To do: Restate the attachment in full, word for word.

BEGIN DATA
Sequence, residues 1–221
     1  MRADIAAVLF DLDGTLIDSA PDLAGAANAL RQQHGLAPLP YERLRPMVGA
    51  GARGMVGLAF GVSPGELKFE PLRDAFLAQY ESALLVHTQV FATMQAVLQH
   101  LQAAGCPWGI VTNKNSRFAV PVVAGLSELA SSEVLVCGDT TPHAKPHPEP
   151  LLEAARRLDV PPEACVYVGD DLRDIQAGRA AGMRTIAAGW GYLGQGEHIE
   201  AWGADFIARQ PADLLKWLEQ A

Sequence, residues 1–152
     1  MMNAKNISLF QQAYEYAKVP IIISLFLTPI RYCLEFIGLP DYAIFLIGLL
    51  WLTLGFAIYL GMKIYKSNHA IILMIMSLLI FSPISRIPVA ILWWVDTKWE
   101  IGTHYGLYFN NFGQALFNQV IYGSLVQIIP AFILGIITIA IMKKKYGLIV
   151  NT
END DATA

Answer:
Sequence, residues 1–221
     1  MRADIAAVLF DLDGTLIDSA PDLAGAANAL RQQHGLAPLP YERLRPMVGA
    51  GARGMVGLAF GVSPGELKFE PLRDAFLAQY ESALLVHTQV FATMQAVLQH
   101  LQAAGCPWGI VTNKNSRFAV PVVAGLSELA SSEVLVCGDT TPHAKPHPEP
   151  LLEAARRLDV PPEACVYVGD DLRDIQAGRA AGMRTIAAGW GYLGQGEHIE
   201  AWGADFIARQ PADLLKWLEQ A

Sequence, residues 1–152
     1  MMNAKNISLF QQAYEYAKVP IIISLFLTPI RYCLEFIGLP DYAIFLIGLL
    51  WLTLGFAIYL GMKIYKSNHA IILMIMSLLI FSPISRIPVA ILWWVDTKWE
   101  IGTHYGLYFN NFGQALFNQV IYGSLVQIIP AFILGIITIA IMKKKYGLIV
   151  NT